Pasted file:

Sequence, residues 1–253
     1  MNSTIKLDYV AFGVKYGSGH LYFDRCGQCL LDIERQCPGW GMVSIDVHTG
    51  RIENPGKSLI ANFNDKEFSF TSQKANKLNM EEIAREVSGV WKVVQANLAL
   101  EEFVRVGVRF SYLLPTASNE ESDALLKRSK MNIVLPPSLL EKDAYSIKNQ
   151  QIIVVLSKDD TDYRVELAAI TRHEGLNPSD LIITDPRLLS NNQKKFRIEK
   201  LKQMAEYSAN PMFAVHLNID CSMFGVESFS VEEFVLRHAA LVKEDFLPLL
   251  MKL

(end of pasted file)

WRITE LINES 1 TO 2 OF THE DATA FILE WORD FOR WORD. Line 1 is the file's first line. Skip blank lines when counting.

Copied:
Sequence, residues 1–253
     1  MNSTIKLDYV AFGVKYGSGH LYFDRCGQCL LDIERQCPGW GMVSIDVHTG